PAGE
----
The new standards written by the members of the board of governors and heads of supervision, who oversee the Basel Committee, effectively raised common equity standards to 7% by 2019. Regulators said banks would have to hold at least 4.5% of common equity by 2015, and added a 2.5% conservation buffer that would go into effect gradually by 2019.
The panel also agreed to raise the core Tier 1 level to 6% from 4% by 2015, and left room for a capital charge that would come in addition to all the other requirements. The Basel Committee said regulators could implement a countercyclical buffer of up to 2.5% for banks to build up capital during good economic times. But the panel left it unclear when or how that buffer would be phased in, leaving implementation up to "national circumstances."
That wasn't the only part of the new standards that the panel left unfinished. It agreed to an observation period for both the liquidity coverage ratio, which was timed to be introduced by 2015, and the net stable funding ratio, which would commence by 2018.
U.S. and global regulators for decades have used capital ratios, but using a global liquidity ratio would be the first time Basel had undertaken setting such a standard, prompting an even more cautious approach by negotiators.
"Liquidity is a whole new ball game for the Basel Committee," said Frances Monroe, who endorsed the committee's approach. "They are taking the time to look at it over the observation period to make sure they get it as right as they can get it."
"The need for a transition period on the capital rules makes clear in the liquidity arena, which is far less well understood, that [that] kind of caution is even more appropriate," Shaw Petrou said. "There are a lot of moving pieces in creation of a revised and improved global regulatory framework, and while no one wants to relive the crisis, it's really careful not to create one by virtue of unanticipated and what is called perverse consequences in a complex regulatory framework."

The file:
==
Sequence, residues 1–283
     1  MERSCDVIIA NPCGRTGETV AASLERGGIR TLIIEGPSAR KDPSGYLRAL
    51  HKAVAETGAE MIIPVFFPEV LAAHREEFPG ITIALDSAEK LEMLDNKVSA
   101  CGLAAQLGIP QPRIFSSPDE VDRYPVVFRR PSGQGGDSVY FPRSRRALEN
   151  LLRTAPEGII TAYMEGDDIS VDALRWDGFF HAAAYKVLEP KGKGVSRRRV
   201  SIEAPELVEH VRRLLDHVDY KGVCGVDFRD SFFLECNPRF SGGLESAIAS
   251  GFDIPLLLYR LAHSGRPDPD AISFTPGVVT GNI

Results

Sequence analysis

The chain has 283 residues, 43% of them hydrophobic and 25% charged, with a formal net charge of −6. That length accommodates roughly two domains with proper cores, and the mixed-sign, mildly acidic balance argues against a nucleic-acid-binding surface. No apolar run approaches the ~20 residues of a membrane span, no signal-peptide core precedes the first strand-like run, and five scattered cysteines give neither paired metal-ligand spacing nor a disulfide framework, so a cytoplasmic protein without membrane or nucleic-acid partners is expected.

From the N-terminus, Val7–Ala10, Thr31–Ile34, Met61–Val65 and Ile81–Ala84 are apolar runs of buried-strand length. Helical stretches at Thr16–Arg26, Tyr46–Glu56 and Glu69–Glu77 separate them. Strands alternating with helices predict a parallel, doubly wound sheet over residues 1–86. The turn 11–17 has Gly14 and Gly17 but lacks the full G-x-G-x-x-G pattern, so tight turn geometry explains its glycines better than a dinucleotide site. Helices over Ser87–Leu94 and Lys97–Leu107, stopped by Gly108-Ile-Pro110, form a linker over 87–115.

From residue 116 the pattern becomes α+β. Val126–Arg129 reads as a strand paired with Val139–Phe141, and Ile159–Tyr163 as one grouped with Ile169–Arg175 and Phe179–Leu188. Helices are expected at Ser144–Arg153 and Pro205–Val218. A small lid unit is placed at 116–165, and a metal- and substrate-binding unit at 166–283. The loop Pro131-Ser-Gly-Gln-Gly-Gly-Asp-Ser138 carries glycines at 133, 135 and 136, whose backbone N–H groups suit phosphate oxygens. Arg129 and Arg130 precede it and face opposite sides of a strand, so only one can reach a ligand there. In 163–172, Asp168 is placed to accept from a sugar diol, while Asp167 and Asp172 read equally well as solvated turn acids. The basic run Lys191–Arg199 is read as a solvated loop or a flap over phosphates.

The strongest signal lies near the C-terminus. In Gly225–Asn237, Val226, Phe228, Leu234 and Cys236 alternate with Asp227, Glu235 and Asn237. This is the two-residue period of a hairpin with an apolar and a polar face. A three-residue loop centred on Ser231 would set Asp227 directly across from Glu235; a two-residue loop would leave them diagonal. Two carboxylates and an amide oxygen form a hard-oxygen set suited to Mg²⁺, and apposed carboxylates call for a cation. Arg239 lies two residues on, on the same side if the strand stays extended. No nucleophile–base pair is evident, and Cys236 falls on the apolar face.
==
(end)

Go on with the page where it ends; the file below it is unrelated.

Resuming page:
Also left unanswered was how much additional capital should be charged for systemically important financial institutions. That surcharge, which could be a combination of a capital surcharge, contingent capital and bail-in debt, would come on top of all the other requirements.
The ABA and others have argued against placing surcharges on such institutions.
"The regulatory authorities already have the authority to require additional buffers for institutions that are taking risks that may not be fully covered by their regulatory capital," Frances Monroe said.
Susan Krause Bell, a partner at Promontory Financial Group, said uncertainty about what regulators are planning is a worry for the biggest banks.
"U.S. banks are very concerned about piling on layers over and above Basel minimums, but they have no real target to point to now," she said. "They can't really argue yet against it because the decisions have yet to be made."
But the panel has delayed progress on that issue until further work was completed by the Financial Stability Board, including identifying which firms should be considered systemically important. The Basel committee is expected to issue some guidelines on the issue to the stability board by mid-2011.
"There is a lot of appetite among the G-20 to really strengthen capital structures of significant financial institutions," Krause Bell said.